More vessels? Yes. Labels, wick holders? YES. How about an enormous candle pot with a spigot on the side and thermometers and scales and hot glue guns, wick trimmers and a heat gun and enough wax, fragrance, and dye blocks to fill the candle box…. Twice? Well we can’t just fill it once, right?? What if people really like the candles? If we light this candle…When are we ever gonna get the chance to do this again? So we thanked our UPS and FedEx drivers when the loot got delivered. We pestered Jacki’s brother Justin until he designed us the logo… and our friend Andrea cut a bunch of them out on her Cricut. 

The weeks became months. We worked from home. We home schooled. We made candles. We made a shitload of them. The kids named them all. We talked about adventures we’d been on, trips we took, things we saw, and translated those into smells and stories. And our streetwalkers…. Started taking the candles. We attached stories to them, we left blank index cards for our friends and neighbors to leave us reviews… how did the candles smell? How did they burn? And they started leaving thank you notes. And we wrote back to them. We named candles after them. “Wanda’s November Rain”, “Mom’s Favorite”, “Paisley”, “East Oly”, “The Mocker Rocker”… we asked them to share their own stories about scents and memories. And they did. We dropped candles on people’s porches and stuffed them into mailboxes and felt so sneaky, and thankful, and wonderful.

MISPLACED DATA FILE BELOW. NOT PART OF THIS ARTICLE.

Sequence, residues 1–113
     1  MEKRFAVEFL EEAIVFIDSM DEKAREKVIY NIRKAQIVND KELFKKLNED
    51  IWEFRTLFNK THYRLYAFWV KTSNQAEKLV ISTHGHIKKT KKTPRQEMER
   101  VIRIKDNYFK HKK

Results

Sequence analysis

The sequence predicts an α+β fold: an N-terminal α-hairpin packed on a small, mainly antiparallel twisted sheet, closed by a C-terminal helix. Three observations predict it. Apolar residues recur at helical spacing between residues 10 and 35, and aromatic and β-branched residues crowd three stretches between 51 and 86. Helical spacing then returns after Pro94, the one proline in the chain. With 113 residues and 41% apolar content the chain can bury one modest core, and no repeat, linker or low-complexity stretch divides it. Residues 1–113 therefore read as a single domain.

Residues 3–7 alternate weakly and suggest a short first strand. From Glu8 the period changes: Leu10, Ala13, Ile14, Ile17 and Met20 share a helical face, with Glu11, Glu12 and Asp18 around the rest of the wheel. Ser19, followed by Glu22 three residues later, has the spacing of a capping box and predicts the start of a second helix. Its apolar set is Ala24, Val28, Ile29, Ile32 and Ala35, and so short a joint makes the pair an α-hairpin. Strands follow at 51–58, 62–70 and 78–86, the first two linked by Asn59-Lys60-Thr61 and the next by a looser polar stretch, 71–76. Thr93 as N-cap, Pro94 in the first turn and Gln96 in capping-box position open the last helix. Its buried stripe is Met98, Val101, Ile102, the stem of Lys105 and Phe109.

We donated candles to charity events, and gave them away as gifts. Our process refined over and again, and we were getting good. We could pump out 24 candles in an evening. In the early days candle productivity was directly related to (perhaps limited by) wine consumption. 

Friends and family would join us for candle making sessions… some have returned… some have not. Its not for everybody.

Nowadays… our supplier (Pete!) is just down the road in Tenino. He keeps us in wax, wicks, jars and lids. We shop around for fragrances and mix and experiment and try new things. We’ve gotten better. We poke relief holes, pre heat jars and cool on a schedule… re-melt the tops the next day for that store bought look…. We can pump out as many candles a night as we can stay awake for…. Still somewhat dictated by wine consumption, but hey, it’s just a hobby… 

Our friend Katie has a little boutique store in town… she started selling our candles. And selling out of them… that made us a little uneasy at first. We gave them away for free. Granted it’s not a sustainable business model, but that was our thing. But we gave her more… and she sold them. We chatted with the folks that run the country store at the end of the street…. They started selling our little candles… Jacki made a website… and now we sell them too. 

If you stop by our house, we will find a way to slip a candle into your coat pocket. That will never change. But we hope you enjoy them. And we hope that our smells and our stories can transport you too, somewhere in your mind where a smell and a memory are linked up, just like it did for us. And we hope that makes you smile.

Thanks - The Nelsons